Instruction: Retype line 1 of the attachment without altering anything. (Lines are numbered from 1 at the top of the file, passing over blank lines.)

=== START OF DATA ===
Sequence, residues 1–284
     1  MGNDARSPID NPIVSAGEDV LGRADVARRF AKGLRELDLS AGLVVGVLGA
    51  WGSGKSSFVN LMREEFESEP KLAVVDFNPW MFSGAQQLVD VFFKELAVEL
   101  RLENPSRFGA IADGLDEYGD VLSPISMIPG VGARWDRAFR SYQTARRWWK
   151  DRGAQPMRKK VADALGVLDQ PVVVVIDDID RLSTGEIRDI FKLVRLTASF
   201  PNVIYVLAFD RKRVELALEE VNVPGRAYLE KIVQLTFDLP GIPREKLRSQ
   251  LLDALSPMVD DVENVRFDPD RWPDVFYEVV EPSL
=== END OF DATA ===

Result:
Sequence, residues 1–284